LAGOS – As Nigeria marks more than five decades on independence, Muslims have criticized the government’s failure to offer basic socio-economic rights, particularly in the area of official appointments, not just by the Muslims but all the citizens.
“This government has not been fair to Muslims at all in all ramifications,” Hajiah Shakirah Abdulmajeed, spokesperson for The Criterion, a group of professional Muslim women across Nigeria, told OnIslam.net.
“Out of the 38 ministers in the Country, 17 were Muslims and three out of the 17 were recently sacked.
“Those not sacked are junior ministers (minister of state). I can go on and on. If you check the list of service chiefs, it is the same story, even in government agencies and parastatals.”
Fifty three years ago, Nigeria gained its independence in October 1960.
Marking 53rd anniversary of independence, a lack of basic socio-economic rights remained a main headache for Muslims and all Nigerian citizens alike.
They particularly scored their government low in the area of provision of basic amenities for the citizens, adding that 53 years of independence have not translated to socio-economic and political independence for most Nigerians.
Tunde Akanni, a university professor and activist who champions socio-economic rights of Nigerians under various nonprofit platforms, said most Nigerians cannot point to anything the government is doing for them.
“Private educational institutions have taken over. We buy our water to drink. Most of us provide at least night security for ourselves. We can go on counting. Finally, what exactly has government done well?” he said.
Prof Ishaq Akintola, who teaches Islamic studies at the Lagos State University, added that, “Nigeria’s political leaders have next to nothing to “champion the cause of the almajirai – the poor – in the society.”
“53 three years after, the people remain terribly poor. We are told up to 70 per cent of our people live below two dollars in a day. Up to 10million children of school age are out of school,”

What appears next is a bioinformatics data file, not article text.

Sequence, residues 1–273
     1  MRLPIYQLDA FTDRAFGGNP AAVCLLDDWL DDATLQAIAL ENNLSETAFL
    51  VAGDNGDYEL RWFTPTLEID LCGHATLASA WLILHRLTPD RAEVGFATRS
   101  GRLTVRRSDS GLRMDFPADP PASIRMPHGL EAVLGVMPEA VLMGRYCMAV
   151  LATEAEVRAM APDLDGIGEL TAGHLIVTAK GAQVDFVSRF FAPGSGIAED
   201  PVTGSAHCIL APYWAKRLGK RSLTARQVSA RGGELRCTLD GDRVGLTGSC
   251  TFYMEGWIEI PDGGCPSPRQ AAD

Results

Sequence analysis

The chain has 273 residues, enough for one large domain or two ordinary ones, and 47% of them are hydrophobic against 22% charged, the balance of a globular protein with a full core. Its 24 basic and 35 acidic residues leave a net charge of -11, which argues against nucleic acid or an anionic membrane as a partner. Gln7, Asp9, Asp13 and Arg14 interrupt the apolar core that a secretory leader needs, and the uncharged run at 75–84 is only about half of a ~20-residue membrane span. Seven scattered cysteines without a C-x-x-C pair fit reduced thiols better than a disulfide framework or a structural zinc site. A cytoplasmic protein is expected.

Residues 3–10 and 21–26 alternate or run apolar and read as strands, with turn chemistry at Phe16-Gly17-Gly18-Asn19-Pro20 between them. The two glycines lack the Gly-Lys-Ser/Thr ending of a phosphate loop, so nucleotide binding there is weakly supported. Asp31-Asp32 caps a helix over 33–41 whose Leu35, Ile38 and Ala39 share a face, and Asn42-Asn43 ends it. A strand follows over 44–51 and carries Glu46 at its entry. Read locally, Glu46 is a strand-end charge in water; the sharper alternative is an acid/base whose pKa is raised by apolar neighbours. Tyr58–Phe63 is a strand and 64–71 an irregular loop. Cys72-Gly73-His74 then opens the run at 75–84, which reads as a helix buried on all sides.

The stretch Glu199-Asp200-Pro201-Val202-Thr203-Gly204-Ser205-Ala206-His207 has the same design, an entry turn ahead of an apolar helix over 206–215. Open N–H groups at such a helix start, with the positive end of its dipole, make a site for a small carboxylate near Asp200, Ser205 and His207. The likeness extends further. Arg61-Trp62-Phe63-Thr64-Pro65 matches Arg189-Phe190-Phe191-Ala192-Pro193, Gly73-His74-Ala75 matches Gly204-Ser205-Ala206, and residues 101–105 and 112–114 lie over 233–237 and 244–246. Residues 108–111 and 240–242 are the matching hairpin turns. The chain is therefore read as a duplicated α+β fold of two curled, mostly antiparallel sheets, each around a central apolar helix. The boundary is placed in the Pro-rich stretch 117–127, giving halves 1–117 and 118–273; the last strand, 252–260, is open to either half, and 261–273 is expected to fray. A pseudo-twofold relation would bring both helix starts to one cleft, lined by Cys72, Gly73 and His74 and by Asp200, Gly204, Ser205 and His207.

“There is no water, no security, no road, no electricity and other basic amenities. People live in abject poverty. That is abominable and unforgiveable for a country that is world’s seventh biggest producer of oil. For these almajirai, there is basically nothing to celebrate.”
Confirming that Muslims share responsibility for Nigeria’s progress, Muslim leaders urged Nigerians across all backgrounds to unite for the country to move forward, shed their differences and build a strong nation.
“It is time for us all to join hands and work to change our situation, work for the progress of our nation and employ the sublime values of our religions to achieve our collective aspirations,” Kamor Disu, head of the Muslim Public Affairs Centre (MPAC), told OnIslam.net.
“How much longer will selfishness and greed go on? Selfishness and greed that are killing us, our kids and the country we call ours. It is now time to say enough is enough.
“Using the opportunity of this particular occasion to reflect deeply, our political leaders must truthfully answer the question: is the privilege they have at this moment their means to divine and eternal pleasure or a path to self-destruction?
“As God has endowed every soul with conscience, surely they know the answer to this question. As for the rest of us, we are certain that God does not allow injustice to go unaddressed.”
Hajiah Abdulmajeed, spokesperson for The Criterion, added all that Nigerians want is good governance, irrespective of who their leaders are.
“An average Nigerian does not care who rules this country if government can provide basic amenities like regular power supply, good roads, employment opportunities and security of lives and property. All these are lacking in the country presently,” Abdulmajeed said.
“People are living below poverty level and there seems to be no hope in sight. Look at the issue of ASUU strike for examples, government seems not to bother by the prolonged strike and its consequences on the nation.
“These young undergraduates have been staying at home for months while their counterparts in private universities have since resumed academic work. How do you want them to feel? It is not in anybody's interest for young men and women to be idle,” he added.
Nigeria, one of the world's most religiously committed nations, is divided between a Muslim north and a Christian south.
Muslims and Christians, who constitute 55 and 40 percent of Nigeria's 140 million population respectively, have lived in peace for the most part.
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